When Death Draws Near by Carrie Stuart Parks is the third novel in the Gwen Marcey series. Gwen Marcey is a forensic artist who in this novel travels to Kentucky to help a small town sheriff catch a serial rapist. While there, she gets caught up in identifying a badly disfigured body found with a rattlesnake in it. This leads to an investigation into a secretive religious group of snake handlers.

Jumping in to the middle of a series was a little strange, but thankfully while I may not have appreciated some of the more character specific story lines, I could still enjoy the overall mystery. Marcey is a relatable character who does what she can to bring justice to those who have been the victim of a crime. Her personal struggles make her dedication to her job, and her determination to live, that much more impressive.

There were just enough red herrings to keep me guessing as I read this book. I didn't see the twist at the end coming at all. It was very well hidden and the reveal was very dramatic. Overall, I would recommend When Death Draws Near to anyone who is a fan of easy to read, somewhat lighthearted mysteries.

I received this book free from Thomas Nelson Publishers as part of their BookLook book review bloggers program. I was not required to write a positive review. The opinions I have expressed are my own. I am disclosing this in accordance with the Federal Trade Commission's 16 CFR, Part 255

Monday, August 8, 2016

Seeking Refuge by Stephan Bauman, Matthew Soerens, and Dr. Issam Smeir

Seeking Refuge: On the Shores of the Global Refugee Crisis by Stephan Bauman, Matthew Soerens, and Dr. Issam Smeir is a call to Christians to know the facts about the current refugee crisis the world is facing and respond to those facts the way the Bible says to. As leaders of one of the nine organizations that resettle refugees in the U.S., the authors speak with the authority and experience of those who are in the trenches.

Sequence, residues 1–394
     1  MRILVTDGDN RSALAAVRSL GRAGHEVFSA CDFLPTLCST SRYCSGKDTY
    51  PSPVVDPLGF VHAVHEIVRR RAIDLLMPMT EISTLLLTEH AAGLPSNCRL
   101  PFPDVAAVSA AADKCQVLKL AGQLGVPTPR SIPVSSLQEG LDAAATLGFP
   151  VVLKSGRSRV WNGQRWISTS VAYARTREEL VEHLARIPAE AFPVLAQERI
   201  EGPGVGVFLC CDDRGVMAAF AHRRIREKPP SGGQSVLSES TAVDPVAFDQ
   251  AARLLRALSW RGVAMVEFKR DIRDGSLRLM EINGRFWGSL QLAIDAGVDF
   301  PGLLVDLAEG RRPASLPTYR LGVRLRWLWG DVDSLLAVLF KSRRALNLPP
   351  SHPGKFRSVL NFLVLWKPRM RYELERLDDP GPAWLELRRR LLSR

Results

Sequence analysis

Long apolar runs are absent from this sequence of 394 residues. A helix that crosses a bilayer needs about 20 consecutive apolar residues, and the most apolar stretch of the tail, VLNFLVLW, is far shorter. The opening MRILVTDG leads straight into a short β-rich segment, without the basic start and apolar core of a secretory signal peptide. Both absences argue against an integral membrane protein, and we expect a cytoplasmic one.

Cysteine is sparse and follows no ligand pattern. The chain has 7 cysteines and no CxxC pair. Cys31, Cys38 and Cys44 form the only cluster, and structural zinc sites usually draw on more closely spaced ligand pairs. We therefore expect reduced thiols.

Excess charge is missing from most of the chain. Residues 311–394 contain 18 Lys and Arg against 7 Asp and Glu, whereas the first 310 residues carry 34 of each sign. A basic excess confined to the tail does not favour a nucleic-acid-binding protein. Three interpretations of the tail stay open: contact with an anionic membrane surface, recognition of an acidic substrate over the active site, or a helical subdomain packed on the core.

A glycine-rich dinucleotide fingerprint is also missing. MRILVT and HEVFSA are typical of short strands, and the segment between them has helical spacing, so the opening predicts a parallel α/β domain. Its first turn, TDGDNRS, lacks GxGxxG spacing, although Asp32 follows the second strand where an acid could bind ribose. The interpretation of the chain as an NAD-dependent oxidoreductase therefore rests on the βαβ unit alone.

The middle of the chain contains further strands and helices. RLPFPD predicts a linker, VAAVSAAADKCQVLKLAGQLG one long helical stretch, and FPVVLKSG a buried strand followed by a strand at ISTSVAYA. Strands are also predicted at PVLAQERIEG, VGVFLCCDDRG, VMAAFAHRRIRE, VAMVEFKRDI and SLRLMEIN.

The authors first set the stage and explain the causes of today's current refugee crisis. They then discuss what the Bible says about refugees and immigrants. Then they put a human face on the discussion by sharing the story of five different refugees. The authors then set the facts straight about the legal terms and processes surrounding refugees, immigrants (both legal and illegal), internally displaced people, and asylum seekers. While they touch on the other groups, refugees are their main focus and they spend the most time explaining the rigorous process refugees coming to the United States go through.

I found Seeking Refuge to be both easily understandable and extremely informative. I would guess that the average American probably doesn't know the information presented in this book. As Christians, it is vital that we understand important issues so that we can approach them biblically. Scripture is clear on how God's people are to treat "the least of these." Refugees and others who have had to flee their homes are some of the most vulnerable people in the world, and the Church is called to care for them, regardless of legalities, political opinion, or even personal opinions. Seeking Refuge clearly states the facts and urges Christians to act.  I recommend Seeking Refuge to anyone who wants a better understanding of one of the world's greatest humanitarian issues.

I received this book free from Moody Publishers as part of their Moody Publishers Blogger Review Program. I was not required to write a positive review. The opinions I have expressed are my own. I am disclosing this in accordance with the Federal Trade Commission's 16 CFR, See Part 255